BY Kerry Eleveld

January 27 2010 8:35 PM ET

This is not the first time a president has mentioned LGBT equality in a
State of the Union speech. President Bill Clinton called for employment
nondiscrimination and hate-crimes protections in his 1999 address.

“Discrimination
or violence because of race or religion, ancestry or gender, disability,
or sexual orientation is wrong and it ought to be illegal,” Clinton
said. “Therefore, I ask Congress to make the Employment
Non-Discrimination Act and the Hate Crimes Prevention Act the law of the
land.”

Ten years later, President Barack Obama signed that LGBT-inclusive hate crimes legislation into law.

“We finally strengthened our laws to protect against crimes driven by hate,” Obama noted during his speech.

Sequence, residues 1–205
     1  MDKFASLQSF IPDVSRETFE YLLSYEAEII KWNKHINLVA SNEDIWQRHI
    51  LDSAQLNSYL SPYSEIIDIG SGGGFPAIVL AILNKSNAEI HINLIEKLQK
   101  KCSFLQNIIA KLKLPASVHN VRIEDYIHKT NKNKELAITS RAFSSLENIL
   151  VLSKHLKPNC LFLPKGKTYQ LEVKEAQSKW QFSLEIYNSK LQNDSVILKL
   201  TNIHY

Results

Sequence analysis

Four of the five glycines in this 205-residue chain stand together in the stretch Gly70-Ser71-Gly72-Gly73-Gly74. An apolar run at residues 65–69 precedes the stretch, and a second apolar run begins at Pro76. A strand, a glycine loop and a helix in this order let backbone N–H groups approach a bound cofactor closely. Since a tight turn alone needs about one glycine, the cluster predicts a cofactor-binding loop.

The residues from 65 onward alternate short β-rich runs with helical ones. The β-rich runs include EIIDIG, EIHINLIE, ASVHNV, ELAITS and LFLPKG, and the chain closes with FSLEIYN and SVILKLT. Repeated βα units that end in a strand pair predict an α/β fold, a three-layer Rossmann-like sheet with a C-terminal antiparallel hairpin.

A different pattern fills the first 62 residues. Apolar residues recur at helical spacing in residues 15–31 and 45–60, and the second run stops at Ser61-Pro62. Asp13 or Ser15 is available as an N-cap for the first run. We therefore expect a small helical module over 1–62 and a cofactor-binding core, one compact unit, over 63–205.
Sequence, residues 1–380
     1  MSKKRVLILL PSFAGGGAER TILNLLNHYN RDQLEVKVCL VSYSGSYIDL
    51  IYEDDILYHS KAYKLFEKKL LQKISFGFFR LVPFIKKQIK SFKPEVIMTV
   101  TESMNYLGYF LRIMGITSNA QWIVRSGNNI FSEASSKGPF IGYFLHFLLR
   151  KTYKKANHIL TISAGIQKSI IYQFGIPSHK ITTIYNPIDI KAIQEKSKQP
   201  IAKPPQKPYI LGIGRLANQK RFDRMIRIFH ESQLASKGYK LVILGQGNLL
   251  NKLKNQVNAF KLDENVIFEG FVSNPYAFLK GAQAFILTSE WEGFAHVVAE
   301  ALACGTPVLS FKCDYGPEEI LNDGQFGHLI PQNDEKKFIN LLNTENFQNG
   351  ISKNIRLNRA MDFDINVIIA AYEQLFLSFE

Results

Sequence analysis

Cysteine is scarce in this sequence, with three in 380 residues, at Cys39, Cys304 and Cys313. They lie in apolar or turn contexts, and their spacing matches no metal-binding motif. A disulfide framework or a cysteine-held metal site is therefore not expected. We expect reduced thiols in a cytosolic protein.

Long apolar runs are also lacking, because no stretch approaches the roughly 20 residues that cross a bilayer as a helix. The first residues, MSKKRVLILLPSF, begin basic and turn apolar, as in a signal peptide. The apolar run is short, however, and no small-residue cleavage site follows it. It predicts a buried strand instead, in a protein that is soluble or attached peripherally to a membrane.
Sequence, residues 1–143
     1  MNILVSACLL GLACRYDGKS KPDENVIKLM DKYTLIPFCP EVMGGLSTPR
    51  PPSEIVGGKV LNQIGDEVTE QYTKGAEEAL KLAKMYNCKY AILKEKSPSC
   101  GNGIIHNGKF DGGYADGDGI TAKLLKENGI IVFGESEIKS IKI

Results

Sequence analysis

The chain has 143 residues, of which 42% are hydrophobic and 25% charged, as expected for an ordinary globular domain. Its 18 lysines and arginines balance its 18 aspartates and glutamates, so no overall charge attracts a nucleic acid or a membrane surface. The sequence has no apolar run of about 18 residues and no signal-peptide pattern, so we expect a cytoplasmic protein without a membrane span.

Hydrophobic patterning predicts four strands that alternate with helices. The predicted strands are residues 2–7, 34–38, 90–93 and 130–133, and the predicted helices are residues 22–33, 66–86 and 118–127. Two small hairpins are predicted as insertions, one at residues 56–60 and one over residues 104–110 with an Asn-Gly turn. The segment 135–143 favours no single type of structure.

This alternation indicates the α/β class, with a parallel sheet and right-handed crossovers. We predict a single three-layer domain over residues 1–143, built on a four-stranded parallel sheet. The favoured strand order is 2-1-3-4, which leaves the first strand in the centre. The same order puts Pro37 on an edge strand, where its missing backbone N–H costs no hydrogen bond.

Obama also sounded aspirational notes of hope and resilience during his address.

“I
have never been more hopeful about America’s future than I am tonight,”
he said. “Despite our hardships, our union is strong. We do not give
up. We do not quit. We don’t allow fear or division to break our
spirit. In this new decade, it’s time the American people get a
government that matches their decency; that embodies their strength.”

But for LGBT Americans, this year will be a game of wait and see.

As Frank said, “It remains to be seen whether action will be paired with words.”













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